Books from all ages depict such a view: The classic one, of course, is Orwell’s 1984; or of Bradbury’s Fahrenheit 451; but more recently, of Atwood’s The Handmaid’s Tale, and even more recently of Ogawa’s, The Memory Police. They all possess a thread of commonality: Of a society both frightening and oppressive, based upon human fears and the insecurity wrought by where we are going, the trends of modernity which succumb to believability, and the suspicion that such dystopian consequences are actually possible.
Orwell was wrong, of course — Big Brother did not have to forcibly place tele-screens into people’s homes; instead, each of us volunteered to go out and purchase such spying screens, and with our own hard-earned money in the form of Smartphones, televisions and laptops. And while no one comes and burns our books, we have effectively accomplished such a misdeed by slowly and incrementally converting them all into digital devices, thus ensuring that we won’t actually know whether the published content of a book is what was originally intended; for, he who controls the digital device has ultimate control over its content, whereas a book published in its original form cannot be altered except by forcible means.
As for Atwood’s theme and Ogawa’s portrayal of the world — they deal with the two aspects of a life in a frightening way: Of the subjugation of the body (The Handmaid’s Tale) and of controlling the mind (The Memory Police). All are fictional works; yet, somehow we can “relate” to the stories being told. How is that? Is it because we have a dystopian perspective already prepared within us by society’s callous conduct?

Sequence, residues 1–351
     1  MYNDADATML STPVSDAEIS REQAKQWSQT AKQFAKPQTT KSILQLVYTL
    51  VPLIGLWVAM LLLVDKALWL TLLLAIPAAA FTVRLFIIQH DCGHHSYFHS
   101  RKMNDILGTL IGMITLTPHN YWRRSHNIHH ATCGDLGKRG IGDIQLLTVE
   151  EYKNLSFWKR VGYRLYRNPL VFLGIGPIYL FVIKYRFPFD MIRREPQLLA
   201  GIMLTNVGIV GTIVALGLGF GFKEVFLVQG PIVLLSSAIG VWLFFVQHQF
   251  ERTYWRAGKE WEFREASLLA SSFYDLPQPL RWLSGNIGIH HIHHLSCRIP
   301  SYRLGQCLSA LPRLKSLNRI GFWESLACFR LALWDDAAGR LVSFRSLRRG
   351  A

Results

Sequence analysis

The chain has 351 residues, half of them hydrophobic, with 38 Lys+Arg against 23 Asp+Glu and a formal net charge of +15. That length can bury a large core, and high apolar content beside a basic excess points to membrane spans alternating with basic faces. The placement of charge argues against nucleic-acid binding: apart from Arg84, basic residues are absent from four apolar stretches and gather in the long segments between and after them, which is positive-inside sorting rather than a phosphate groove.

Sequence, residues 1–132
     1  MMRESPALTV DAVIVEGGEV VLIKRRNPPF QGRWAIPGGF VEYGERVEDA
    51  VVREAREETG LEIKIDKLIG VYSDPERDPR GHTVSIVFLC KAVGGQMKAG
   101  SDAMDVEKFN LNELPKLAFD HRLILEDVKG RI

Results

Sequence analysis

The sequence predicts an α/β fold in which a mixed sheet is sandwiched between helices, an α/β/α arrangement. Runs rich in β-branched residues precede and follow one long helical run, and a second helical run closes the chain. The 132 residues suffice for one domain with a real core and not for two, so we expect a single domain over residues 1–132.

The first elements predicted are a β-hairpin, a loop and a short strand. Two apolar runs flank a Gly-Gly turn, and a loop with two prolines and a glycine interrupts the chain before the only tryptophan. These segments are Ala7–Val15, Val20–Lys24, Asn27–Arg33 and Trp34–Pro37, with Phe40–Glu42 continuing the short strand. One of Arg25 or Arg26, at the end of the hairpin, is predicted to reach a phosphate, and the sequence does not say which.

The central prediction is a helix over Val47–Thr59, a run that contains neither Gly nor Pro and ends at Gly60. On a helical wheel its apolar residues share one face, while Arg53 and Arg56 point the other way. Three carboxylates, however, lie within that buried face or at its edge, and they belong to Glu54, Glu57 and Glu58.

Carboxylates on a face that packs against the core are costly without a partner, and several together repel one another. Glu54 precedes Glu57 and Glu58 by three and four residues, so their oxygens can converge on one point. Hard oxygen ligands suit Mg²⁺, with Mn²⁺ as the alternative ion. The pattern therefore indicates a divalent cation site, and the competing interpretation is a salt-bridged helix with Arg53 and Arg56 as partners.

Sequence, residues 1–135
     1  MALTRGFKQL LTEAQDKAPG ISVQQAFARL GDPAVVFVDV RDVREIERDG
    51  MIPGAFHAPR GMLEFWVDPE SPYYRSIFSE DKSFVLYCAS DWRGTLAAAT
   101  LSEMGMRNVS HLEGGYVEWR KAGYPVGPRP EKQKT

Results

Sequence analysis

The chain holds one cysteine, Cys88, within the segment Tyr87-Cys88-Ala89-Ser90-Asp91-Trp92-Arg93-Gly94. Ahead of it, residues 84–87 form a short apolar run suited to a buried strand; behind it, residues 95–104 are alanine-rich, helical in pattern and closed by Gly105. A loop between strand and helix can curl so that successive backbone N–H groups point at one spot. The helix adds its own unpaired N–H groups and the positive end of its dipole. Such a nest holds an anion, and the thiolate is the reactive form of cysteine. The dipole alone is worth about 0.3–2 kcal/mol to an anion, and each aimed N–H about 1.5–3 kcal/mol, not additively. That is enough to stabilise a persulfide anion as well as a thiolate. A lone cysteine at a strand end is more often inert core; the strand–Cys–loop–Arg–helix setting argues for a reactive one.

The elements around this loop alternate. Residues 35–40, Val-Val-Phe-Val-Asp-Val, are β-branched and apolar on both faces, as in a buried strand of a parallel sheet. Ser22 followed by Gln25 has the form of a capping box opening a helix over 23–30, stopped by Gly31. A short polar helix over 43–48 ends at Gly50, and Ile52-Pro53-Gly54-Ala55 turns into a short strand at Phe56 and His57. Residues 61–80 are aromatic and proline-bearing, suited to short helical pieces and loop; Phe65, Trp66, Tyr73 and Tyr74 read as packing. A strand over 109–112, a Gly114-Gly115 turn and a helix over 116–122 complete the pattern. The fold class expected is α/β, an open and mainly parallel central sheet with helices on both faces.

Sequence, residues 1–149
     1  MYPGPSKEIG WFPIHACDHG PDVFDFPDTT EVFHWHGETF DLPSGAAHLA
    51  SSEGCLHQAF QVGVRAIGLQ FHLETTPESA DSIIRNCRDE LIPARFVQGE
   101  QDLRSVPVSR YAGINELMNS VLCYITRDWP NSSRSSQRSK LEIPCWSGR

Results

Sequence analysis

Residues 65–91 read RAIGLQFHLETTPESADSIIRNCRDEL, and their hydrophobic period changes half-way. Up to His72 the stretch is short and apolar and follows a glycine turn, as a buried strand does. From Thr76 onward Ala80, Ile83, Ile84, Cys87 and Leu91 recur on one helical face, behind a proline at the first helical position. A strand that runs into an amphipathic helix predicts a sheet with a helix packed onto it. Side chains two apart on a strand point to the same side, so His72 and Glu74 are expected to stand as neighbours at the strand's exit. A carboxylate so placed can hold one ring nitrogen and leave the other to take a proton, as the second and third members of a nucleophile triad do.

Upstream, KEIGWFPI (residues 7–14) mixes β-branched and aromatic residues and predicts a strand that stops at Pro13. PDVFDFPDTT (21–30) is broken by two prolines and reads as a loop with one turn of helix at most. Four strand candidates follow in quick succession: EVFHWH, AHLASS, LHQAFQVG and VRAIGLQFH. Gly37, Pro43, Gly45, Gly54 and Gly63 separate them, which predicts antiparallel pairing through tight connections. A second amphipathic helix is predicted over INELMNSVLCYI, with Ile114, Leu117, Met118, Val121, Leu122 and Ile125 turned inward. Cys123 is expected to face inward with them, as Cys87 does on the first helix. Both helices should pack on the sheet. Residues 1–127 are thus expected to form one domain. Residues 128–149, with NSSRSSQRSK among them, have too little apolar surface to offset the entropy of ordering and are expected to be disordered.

For Federal employees and U.S. Postal workers who suffer from a medical condition such that the medical condition prevents the Federal or Postal employee from performing one or more of the essential elements of his or her Federal or Postal job, the Dystopian Perspective is a very familiar one. For, being ostracized; being condemned; being harassed and being subjected to unfair treatment — it all comes in a bundle once you can no longer “perform” at the level expected by the Federal Agency or the Postal Service.
When that Dystopian Perspective becomes unbearable, then it is time to consider preparing, formulating and filing an effective Federal Disability Retirement application through the U.S. Office of Personnel Management. And, while the Dystopian Perspective may not turn into an Utopian Reality, it is far better than the subjugation of the human mind and body that gets increasingly worse under Big Brother’s eye.
Robert R. McGill, Esquire